Article originally ran in WESmag Spring 2018
Update February 2020: Today Zoe serves as a lower elementary assistant at The Post Oak School in Houston, Texas, a Montesorri school that teaches students to learn by observing nature.
Zoe Nuhfer (Class of 2019) admits that at first she was unsure about enrolling in a small college for women. She considered herself more of a big-city-school kind of student but decided to visit Wesleyan to make sure. She was interested in studying international relations, so after a campus tour, Professor of Political Science Dr. Barbara Donovan, “invited me to have lunch with her, a couple of other professors, and a few students. That invitation and my conversation over lunch completely sold me on Wesleyan. It was obvious that the professors cared deeply about their subject areas and about their students as individuals. The excitement I saw in the faculty and the students was contagious. I put in my housing deposit that night. I am so grateful to all the donors, the faculty, staff, and students who have made my Wesleyan experience possible. At Wesleyan I’ve found my family, and I’ve found myself.”
Zoe is the recipient of the prestigious Mary Knox McNeill full-tuition scholarship, serves as a campus ministry assistant, and is a Wesleyan Disciple, but she is not an international relations major. “One day about a month into my first year I happened to wander into the model classroom in the Education Department. I immediately felt a calling. By the end of that week, I had quietly recycled my international relations declaration form and rung the bell in the Education Department.”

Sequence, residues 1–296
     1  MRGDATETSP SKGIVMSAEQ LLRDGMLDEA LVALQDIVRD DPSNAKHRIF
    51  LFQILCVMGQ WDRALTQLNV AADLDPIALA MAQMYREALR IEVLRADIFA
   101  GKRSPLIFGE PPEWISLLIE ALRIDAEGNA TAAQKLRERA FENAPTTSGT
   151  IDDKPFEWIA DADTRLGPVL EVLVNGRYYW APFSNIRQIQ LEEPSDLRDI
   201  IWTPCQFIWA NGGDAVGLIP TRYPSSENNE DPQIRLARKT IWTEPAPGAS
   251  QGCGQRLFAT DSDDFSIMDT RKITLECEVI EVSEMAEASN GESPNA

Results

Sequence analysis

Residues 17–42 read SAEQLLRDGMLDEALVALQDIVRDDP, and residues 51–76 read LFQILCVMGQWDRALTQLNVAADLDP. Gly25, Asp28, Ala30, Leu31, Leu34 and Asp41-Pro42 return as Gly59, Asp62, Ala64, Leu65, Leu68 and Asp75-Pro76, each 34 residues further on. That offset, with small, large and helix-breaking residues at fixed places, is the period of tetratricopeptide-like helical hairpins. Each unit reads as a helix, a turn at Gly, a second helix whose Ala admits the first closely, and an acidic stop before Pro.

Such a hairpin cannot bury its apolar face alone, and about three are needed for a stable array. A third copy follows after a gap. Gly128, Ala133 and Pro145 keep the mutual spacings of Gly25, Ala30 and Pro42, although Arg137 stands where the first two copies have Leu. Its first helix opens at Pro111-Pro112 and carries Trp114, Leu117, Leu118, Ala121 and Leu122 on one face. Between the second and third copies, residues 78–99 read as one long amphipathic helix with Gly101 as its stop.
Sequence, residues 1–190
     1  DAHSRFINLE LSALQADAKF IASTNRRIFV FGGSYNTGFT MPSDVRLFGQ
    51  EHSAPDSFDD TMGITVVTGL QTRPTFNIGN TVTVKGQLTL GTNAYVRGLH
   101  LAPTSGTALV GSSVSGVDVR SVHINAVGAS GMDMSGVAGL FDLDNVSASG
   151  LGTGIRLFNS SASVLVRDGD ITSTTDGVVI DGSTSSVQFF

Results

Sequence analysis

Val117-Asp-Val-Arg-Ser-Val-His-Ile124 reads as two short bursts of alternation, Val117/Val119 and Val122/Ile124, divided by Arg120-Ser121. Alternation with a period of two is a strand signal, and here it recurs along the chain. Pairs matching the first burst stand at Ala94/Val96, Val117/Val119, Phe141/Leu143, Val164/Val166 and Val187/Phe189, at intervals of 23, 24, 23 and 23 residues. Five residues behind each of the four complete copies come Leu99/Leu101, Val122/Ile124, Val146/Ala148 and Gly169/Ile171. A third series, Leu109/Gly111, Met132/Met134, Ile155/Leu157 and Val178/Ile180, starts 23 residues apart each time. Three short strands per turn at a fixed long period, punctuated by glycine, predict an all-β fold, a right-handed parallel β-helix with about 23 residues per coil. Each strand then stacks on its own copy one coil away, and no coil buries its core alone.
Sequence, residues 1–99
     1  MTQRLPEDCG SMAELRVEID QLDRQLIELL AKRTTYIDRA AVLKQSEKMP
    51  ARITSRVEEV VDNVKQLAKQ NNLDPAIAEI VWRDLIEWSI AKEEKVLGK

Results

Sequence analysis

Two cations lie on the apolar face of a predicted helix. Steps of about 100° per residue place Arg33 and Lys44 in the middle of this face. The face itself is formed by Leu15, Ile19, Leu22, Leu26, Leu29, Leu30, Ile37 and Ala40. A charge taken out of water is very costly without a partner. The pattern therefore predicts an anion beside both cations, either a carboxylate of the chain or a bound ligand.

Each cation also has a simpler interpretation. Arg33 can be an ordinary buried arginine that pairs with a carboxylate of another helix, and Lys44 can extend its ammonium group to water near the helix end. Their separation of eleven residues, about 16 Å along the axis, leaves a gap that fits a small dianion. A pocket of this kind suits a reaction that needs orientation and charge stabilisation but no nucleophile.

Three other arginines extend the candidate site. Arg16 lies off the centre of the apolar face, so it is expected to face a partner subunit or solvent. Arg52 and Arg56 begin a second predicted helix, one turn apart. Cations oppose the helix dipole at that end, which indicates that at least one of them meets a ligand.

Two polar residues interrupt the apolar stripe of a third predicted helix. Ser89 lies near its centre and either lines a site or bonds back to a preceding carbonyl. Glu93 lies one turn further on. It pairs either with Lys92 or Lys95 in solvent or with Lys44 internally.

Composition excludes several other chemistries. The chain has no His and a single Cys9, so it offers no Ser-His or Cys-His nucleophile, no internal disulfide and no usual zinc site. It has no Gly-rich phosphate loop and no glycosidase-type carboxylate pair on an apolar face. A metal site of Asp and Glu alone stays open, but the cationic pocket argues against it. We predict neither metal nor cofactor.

Zoe enjoyed being an education major until the middle of her sophomore year. “I still liked my education classes, but while observing and assisting in local elementary schools, something wasn’t matching up. I knew I was passionate about education and youth development, but it was quickly becoming clear that I did not want to teach in a traditional setting.”
That same semester Zoe was taking a biology class to fulfill a general education requirement and discovered it was one of her favorite classes. She credits Professor of Biology Dr. Holly Boettger-Tong for helping her uncover her love for science. She changed her major to environmental studies, kept education as her minor, and looked for a new way to apply her studies to a successful and satisfying career. Associate Professor of Education Dr. Virginia Bowman Wilcox ’90 helped Zoe arrange two internships. Interning at Macon’s Museum of Arts and Sciences, Zoe says, turned out to be one of the most meaningful experiences of her time at Wesleyan, but it was an internship at Montessori of Macon that reignited her love for teaching. After one semester teaching ecology, Zoe was invited back to teach for another semester.
“The Montessori classroom fits so perfectly with my values and ideas about education and gives me countless opportunities to share my love of environmental science with my students. In March I accepted a part-time job at the school. It’s my first step toward becoming a certified Montessori teacher.”
According to Dr. Wilcox, “Within the Montessori process, Zoe has found a place that allows her to combine her high standards of student behaviors and expectations with her innovative instructional ideas but also requires her to utilize her strong content knowledge in the activities and lessons she plans.”
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